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Praying Mantis

The some praying mantis types of world

phillip you

on 29 August 2012

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Transcript of Praying Mantis

Praying Mantis Praying Mantis is an order of insect.And mantis have more than2200 types in15 families. Malaysian orchid mantises Chinese Mantis Giant Rainforest mantis Idolomantis diabolica THE END! Description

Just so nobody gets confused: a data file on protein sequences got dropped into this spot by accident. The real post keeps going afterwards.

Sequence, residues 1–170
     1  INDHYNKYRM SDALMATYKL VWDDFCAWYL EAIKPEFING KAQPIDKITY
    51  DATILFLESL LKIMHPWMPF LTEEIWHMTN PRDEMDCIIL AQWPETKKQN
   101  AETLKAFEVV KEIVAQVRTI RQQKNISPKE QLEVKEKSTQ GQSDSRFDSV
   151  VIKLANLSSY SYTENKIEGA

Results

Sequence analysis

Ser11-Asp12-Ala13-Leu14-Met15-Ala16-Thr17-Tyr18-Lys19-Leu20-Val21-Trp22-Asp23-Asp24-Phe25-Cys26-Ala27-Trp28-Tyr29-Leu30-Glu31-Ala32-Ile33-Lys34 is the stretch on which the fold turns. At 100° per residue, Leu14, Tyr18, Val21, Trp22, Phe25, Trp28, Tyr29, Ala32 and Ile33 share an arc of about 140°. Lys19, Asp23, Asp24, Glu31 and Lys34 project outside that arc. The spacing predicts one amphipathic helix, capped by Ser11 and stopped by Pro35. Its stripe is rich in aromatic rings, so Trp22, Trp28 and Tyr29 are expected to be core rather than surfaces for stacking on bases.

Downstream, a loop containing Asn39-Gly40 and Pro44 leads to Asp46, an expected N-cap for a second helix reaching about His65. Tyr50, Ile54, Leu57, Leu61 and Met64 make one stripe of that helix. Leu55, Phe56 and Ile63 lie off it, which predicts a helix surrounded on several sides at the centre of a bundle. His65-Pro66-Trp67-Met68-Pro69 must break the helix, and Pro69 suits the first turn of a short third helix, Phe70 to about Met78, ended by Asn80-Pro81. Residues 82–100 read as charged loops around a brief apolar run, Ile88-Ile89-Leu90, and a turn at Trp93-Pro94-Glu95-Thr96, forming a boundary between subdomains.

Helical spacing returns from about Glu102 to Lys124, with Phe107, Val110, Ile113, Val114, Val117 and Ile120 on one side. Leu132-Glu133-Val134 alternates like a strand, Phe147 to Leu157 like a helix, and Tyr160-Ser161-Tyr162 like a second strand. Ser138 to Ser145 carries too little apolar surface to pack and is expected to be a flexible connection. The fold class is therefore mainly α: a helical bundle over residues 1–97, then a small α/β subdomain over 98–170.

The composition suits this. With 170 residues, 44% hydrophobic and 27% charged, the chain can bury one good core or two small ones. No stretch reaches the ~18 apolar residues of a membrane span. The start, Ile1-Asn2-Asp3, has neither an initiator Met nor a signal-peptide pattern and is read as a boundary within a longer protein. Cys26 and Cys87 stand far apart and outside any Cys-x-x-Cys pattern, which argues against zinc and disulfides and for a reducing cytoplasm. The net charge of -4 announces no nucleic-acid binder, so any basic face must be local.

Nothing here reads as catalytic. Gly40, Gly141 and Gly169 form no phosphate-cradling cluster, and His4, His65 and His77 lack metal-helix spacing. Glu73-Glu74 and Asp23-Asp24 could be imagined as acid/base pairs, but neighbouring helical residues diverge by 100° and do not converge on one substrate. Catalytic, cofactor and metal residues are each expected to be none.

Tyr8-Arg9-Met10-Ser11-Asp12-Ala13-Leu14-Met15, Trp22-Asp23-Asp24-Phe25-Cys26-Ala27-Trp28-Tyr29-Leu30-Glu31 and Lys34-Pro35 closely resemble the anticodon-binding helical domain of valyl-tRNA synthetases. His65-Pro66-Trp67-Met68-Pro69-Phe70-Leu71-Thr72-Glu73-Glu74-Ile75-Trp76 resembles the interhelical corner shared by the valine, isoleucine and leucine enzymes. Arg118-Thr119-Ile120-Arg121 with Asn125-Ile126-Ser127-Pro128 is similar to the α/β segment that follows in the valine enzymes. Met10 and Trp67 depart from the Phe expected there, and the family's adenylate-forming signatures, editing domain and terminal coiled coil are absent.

The Chinese mantis looks like a long and slender praying mantis, that are brown and green. It is typically larger than most other praying mantises, adult females are about 8 centimeters in length, and is the largest mantis species in North America. Their color can vary from overall green to brown with a green lateral stripe on the edge of the front wings. In low light the eyes of the mantis appear black, but in daylight appear to be clear, matching the color of the head. Chinese Mantids are slightly different in color and are usually larger than Tenodera aridifolia angustipennis which were introduced to the United States of America as well. One way of telling Tenodera sinensis and Tenodera aridifolia angustipennis apart is by looking at the spot in between their front legs. If it is yellow then it is a Chinese Mantis but if it is orange then it is a Narrow-winged Mantis. This species of Giant Rainforest mantis comes from Northern Queensland in rain forest regions, it is Australia’s fattest mantis species and the females can reach up to 7cm in length males will reach 6cm. The common name of this species comes from how large the species is, mainly due to how robust they are. As nymphs they can vary in colours between green, red and brown but after the final molt they will end up green. Both males and females will have full length wings as adults but the adult females can not fly due to their size although the males being skinnier are capable. Hymenopus coronatus (known by a variety of common names including Malaysian orchid mantis, Malaysian orchid praying mantis, pink orchid mantis and orchid mantis) is a mantis from Malaysia, Indonesian, and Sumatran rain forests. These mantises thrive in humid, warm areas of south Asian rain forests. These mantids can be found on papaya trees, orchids, or frangipani trees with flowers. In captivity, the nymph's diet can consist mainly of fruit flies, but they will eat other small insects. Adults will eat anything they can catch; this includes small lizards, bees without stingers, house flies, butterflies, moths and other non-venomous flying insects. Although primarily carnivorous, orchid mantises have been observed eating little bits of banana, this behavior is thought to balance the mantis's vitamin intake through the juices of the banana (which are rich in potassium). Idolomantis diabolica is a large mantis in the Empusidae family. Females grow to be about 13 centimetres (about 5 inches) and males about 10 centimetres (about 4 inches) They are native to Ethiopia, Kenya, Malawi, Somalia, Tanzania, and Uganda. It is one of the rarest mantids in the world, and also one of the most sought after in the world. Its threat display is magnificently colored, with red, white, blue, purple and black. Dead leaf mantis is a common name given to various species of praying mantis that mimic dead leaves. It is most often used in reference to species within genus Deroplatys because of their popularity as exotic pets. Examples include D. desiccata (giant dead leaf mantis), D. lobata (Malaysian dead leaf mantis), and D. philippinica (Philippines dead leaf mantis).[1][2] Other species to which the term may apply include Acanthops falcataria (South American dead leaf mantis),[3] A. falcata (South American dead leaf mantis), and P. paradoxa (more common known as the ghost mantis).
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